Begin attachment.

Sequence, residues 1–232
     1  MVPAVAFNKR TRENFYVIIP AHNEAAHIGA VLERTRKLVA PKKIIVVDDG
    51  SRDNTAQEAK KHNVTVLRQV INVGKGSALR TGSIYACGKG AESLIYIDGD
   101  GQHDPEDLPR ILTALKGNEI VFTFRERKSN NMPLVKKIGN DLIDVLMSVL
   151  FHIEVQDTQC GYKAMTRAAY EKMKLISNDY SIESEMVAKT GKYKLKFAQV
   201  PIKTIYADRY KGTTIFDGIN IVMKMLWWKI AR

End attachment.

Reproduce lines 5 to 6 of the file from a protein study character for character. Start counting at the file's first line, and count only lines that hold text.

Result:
   151  FHIEVQDTQC GYKAMTRAAY EKMKLISNDY SIESEMVAKT GKYKLKFAQV
   201  PIKTIYADRY KGTTIFDGIN IVMKMLWWKI AR